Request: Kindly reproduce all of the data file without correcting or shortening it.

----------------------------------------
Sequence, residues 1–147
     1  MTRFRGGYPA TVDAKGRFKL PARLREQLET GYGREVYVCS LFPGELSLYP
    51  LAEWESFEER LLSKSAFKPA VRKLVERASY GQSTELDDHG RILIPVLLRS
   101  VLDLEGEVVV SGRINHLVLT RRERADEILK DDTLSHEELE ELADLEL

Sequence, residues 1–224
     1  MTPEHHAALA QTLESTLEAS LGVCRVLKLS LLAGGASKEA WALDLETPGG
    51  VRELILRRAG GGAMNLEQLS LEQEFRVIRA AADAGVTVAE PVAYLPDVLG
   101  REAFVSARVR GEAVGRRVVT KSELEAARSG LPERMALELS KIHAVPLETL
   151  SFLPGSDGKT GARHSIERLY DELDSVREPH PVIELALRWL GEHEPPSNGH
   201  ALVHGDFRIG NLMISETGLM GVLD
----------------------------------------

Sequence, residues 1–147
     1  MTRFRGGYPA TVDAKGRFKL PARLREQLET GYGREVYVCS LFPGELSLYP
    51  LAEWESFEER LLSKSAFKPA VRKLVERASY GQSTELDDHG RILIPVLLRS
   101  VLDLEGEVVV SGRINHLVLT RRERADEILK DDTLSHEELE ELADLEL

Sequence, residues 1–224
     1  MTPEHHAALA QTLESTLEAS LGVCRVLKLS LLAGGASKEA WALDLETPGG
    51  VRELILRRAG GGAMNLEQLS LEQEFRVIRA AADAGVTVAE PVAYLPDVLG
   101  REAFVSARVR GEAVGRRVVT KSELEAARSG LPERMALELS KIHAVPLETL
   151  SFLPGSDGKT GARHSIERLY DELDSVREPH PVIELALRWL GEHEPPSNGH
   201  ALVHGDFRIG NLMISETGLM GVLD